National and international literature about the Pied Piper, © Museum Hameln

The Pied Piper in Literature

Brothers Grimm

Jacob (1785-1863) and Wilhelm (1786-1859) Grimm are known as linguists and collectors of fairy tales. The brothers were born in Hanau and studied law at Marburg. After their studies, in 1806 they began to gather fairy tales and legends from spoken traditions. This initially formed the basis of the collection of children’s and household tales published in 1812. 

Four years later, the first volume of “German Legends” appeared, which also included the fable “The Children of Hamelin”.

The brothers did not only deal with the actual history. They devoted more than a third of their text to historical tradition. Among other things, they cited the inscription on the new gate stone, which is here in the museum.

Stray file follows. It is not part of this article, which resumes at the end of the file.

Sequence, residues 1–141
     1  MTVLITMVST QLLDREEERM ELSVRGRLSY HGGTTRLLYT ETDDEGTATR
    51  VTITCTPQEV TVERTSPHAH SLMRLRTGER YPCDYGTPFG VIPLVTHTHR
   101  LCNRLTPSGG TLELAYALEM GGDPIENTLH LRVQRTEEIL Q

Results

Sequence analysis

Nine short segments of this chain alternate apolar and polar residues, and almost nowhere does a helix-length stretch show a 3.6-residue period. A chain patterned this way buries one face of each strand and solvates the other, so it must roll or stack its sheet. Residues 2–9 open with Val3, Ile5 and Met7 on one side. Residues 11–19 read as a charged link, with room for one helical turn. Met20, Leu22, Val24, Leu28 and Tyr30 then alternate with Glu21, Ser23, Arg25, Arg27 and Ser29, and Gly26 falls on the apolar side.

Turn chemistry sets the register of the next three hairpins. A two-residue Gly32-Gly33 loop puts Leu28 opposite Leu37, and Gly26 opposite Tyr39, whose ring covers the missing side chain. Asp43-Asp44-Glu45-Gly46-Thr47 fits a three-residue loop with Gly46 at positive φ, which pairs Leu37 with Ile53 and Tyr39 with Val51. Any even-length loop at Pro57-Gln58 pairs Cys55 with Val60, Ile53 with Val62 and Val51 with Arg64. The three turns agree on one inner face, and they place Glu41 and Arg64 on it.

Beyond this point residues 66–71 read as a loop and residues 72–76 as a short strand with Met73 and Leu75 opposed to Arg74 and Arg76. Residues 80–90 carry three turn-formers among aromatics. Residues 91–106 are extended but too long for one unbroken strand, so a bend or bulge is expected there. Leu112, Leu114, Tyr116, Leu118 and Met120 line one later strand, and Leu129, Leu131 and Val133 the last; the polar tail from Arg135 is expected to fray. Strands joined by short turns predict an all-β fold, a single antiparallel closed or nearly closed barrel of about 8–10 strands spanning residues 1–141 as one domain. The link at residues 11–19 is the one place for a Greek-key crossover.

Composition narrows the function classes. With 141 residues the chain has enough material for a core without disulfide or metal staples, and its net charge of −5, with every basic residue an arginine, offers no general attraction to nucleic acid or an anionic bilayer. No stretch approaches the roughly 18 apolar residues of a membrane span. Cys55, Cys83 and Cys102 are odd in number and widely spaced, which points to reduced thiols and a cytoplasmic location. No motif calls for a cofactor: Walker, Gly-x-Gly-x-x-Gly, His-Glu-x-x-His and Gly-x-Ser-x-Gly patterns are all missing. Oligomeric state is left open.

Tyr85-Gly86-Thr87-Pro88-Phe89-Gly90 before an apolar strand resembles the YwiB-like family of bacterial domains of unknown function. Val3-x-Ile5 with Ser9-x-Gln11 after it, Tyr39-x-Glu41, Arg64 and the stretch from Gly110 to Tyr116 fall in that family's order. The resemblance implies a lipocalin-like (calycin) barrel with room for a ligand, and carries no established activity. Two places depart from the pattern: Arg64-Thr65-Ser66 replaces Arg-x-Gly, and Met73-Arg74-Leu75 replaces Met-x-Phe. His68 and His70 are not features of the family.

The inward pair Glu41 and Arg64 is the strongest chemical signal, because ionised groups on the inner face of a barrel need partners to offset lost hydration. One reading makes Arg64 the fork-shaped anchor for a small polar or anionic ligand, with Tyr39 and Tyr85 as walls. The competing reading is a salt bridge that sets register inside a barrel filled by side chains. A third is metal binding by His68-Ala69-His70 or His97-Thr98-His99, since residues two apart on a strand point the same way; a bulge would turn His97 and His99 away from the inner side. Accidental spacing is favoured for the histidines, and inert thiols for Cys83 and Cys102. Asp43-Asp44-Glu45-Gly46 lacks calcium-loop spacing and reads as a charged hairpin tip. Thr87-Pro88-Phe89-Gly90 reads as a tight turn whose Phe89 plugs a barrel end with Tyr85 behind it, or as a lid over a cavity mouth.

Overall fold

The story of the Pied Piper of Hamelin is today closely associated with the Brothers Grimm, above all in the German-speaking area, and is also frequently to be found in collections of fairy tales.  

However, the “German Legends” met with little initial success during their lifetimes. Not until the second half of the 19th century was the significance of their work recognised. The first new edition only appeared after the death of the brothers in 1865.  

Julius Wolff

The German poet and author Julius Wolff (1834-1910) was born as the son of a cloth manufacturer in Quedlinburg. After his studies, he returned to his hometown and took over his father’s cloth factory, which he had to sell in 1869. He took part in the Franco-Prussian War in 1870-1 and then moved to Berlin. Wolff now worked as an independent author.